No Place to Pray has three plot lines (four, if we count LeRoy’s adventures) occurring in three time periods and two settings. All of them intersect each other. My most difficult problem lay in how to structure these interwoven parts in a way that wouldn’t bewilder the reader and to make the text flow as naturally as possible. Over the five years it took me to write the book, I tried a number of approaches before settling on the annunciative technique I finally used. Originally, I organized the book into five parts, one for each of the threerealistic lines, one for LeRoy’s stories, and a fifth for a series of letters Edna wrote to her daughter. The result was a mess. Nothing melded smoothly into anything else, incidents that logically led to others were so far removed from each other spatially that the connection wasn’t at all obvious, and the book was just too long. Eventually I dropped Edna’s letters altogether (anexperience much like going through the passing of a dear friend), interlacedwhat remained, and finally set the chapter tags.

7. If people can only buy one book this month, why should it be yours?
It shouldn’t be mine. Every reader has a list of books they’ve been meaning to get to for a long time and just haven’t been able to. Something they wish they’d read to fill a gap in their reading experience or that one book by a beloved author that they missed or a book a close friend recommended months ago and they promised to read. If you can buy only one book this month, indulge yourself and choose one from that list. No Place to Pray will still be here next month.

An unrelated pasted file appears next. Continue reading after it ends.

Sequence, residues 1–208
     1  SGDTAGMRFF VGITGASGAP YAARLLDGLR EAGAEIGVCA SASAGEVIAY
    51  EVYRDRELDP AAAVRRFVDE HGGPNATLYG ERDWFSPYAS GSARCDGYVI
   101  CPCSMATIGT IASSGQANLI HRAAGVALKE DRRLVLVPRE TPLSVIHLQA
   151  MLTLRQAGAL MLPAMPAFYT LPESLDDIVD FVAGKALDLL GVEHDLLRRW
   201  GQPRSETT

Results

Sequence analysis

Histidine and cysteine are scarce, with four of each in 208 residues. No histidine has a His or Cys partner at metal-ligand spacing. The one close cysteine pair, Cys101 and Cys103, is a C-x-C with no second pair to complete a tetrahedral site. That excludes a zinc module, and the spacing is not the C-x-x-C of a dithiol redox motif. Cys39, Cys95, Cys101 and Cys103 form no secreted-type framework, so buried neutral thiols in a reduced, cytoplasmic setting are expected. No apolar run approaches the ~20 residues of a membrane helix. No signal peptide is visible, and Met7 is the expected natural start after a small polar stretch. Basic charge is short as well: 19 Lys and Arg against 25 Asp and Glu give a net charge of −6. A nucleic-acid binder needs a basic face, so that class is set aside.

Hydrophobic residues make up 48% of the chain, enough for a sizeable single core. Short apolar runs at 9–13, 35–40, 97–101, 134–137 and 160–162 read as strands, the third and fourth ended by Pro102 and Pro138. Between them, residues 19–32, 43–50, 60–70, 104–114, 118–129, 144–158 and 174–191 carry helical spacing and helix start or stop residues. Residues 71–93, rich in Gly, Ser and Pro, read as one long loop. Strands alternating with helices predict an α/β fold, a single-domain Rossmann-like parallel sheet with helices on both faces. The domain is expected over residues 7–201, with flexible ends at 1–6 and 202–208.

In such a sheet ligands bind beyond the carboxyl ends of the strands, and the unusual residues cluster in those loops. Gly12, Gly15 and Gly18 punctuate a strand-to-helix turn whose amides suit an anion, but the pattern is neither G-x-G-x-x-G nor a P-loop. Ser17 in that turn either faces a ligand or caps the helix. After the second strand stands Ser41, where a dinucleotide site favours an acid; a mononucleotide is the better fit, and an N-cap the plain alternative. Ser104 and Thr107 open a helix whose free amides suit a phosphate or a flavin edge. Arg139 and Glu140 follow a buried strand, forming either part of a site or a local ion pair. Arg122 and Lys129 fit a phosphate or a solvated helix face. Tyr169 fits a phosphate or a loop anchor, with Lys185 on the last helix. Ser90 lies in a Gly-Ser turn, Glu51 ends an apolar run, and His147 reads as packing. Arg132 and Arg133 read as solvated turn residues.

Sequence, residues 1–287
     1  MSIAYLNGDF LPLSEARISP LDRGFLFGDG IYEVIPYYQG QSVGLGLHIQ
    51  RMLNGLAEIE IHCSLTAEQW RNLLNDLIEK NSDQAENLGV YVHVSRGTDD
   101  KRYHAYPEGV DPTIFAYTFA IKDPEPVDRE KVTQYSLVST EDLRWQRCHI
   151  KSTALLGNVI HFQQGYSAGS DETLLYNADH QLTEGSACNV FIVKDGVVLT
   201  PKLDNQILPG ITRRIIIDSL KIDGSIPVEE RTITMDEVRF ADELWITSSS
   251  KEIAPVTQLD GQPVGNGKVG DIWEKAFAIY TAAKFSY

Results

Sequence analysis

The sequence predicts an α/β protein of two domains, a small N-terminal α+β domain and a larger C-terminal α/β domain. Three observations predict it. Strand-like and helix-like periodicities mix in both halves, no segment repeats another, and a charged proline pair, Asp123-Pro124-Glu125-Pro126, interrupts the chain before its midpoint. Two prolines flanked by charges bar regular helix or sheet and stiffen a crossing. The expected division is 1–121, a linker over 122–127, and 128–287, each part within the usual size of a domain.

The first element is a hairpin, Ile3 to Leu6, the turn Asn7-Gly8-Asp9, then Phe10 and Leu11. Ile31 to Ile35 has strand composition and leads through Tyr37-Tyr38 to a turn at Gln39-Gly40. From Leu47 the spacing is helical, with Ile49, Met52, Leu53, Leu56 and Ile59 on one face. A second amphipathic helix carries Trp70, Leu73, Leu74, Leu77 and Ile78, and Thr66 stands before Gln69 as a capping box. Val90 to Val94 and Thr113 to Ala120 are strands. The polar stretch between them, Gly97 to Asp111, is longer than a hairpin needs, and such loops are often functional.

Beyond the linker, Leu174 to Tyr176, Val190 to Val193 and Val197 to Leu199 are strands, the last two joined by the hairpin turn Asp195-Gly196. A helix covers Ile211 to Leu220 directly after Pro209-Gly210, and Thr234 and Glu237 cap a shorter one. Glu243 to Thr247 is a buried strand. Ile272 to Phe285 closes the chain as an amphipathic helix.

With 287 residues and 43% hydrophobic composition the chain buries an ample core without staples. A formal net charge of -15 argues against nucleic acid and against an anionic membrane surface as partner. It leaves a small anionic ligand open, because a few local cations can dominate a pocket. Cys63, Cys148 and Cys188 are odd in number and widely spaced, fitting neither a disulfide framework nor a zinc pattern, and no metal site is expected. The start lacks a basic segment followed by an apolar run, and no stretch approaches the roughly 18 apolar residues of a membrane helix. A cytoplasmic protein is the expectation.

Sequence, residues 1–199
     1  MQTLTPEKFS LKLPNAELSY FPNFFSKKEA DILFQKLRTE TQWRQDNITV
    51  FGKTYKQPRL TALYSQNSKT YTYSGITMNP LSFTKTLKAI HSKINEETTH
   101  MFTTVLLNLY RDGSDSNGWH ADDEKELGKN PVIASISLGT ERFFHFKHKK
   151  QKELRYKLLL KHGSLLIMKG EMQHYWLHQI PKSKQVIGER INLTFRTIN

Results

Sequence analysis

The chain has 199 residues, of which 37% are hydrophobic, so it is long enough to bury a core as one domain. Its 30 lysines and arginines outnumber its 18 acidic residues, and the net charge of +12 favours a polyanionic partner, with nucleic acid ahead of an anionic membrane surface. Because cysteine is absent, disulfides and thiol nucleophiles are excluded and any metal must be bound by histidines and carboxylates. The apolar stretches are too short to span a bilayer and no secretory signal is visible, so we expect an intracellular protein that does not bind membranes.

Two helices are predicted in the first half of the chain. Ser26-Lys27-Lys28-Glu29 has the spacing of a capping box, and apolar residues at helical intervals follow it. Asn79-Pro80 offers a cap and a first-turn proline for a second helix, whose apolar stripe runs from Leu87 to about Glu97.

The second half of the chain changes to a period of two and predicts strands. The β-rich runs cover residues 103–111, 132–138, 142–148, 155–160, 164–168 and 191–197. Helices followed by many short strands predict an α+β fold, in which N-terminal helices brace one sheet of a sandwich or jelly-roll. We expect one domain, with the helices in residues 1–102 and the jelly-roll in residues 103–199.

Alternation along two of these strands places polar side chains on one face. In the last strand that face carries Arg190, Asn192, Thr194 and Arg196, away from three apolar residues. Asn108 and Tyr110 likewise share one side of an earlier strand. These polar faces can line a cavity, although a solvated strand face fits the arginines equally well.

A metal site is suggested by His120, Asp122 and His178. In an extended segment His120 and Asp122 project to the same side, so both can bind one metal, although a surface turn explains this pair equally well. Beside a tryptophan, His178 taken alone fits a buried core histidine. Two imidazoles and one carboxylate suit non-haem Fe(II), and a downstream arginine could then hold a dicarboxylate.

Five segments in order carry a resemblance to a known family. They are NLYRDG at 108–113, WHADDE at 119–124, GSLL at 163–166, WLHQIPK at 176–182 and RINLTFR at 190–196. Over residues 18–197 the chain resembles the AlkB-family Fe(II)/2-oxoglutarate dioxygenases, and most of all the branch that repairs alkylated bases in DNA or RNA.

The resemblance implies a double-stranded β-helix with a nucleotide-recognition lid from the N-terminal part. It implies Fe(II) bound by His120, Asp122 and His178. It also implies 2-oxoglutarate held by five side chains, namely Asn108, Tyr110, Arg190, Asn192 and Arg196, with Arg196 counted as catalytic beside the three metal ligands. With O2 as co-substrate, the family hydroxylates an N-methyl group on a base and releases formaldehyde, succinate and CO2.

Born and raised in rural Mercer County, PA, James Carpenter made his way through college working various eclectic jobs and, after graduating, taught middle and high school English. He then retrained as a technologist, eventually developing the Erica T. Carter software system that composed the poetry anthologized in the Issue 1 dustup. Erica’s poetry has been published in several dozen literary journals and he’s presented Erica at international conferences, including at the University of Pennsylvania, Brown University, and the e-poetry 2007 conference in Paris.

Carpenter spent fourteen years as a member of the affiliated faculty of The Wharton School, where he lectured in computer programming, system design, and entrepreneurship before retiring to write fiction. Since then, his writing has appeared in numerouspublications including The Chicago Tribune, Fiction International, Fifth Wednesday Journal, North Dakota Quarterly, and Ambit. His novel, No Place to Pray, is forthcoming from Twisted Road Publications in September.

Learn more on his website, or through Facebook, Twitter, LinkedIn, and Goodreads

No Place to Pray can be purchased on Twisted Road Publications, Amazon, and Barnes & Noble.

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Brian Feinblum’s views, opinions, and ideas expressed in this blog are his alone and not that of his employer. You can follow him on Twitter @theprexpert and email him at He feels more important when discussed in the third-person. This is copyrighted by BookMarketingBuzzBlog 2016 ©.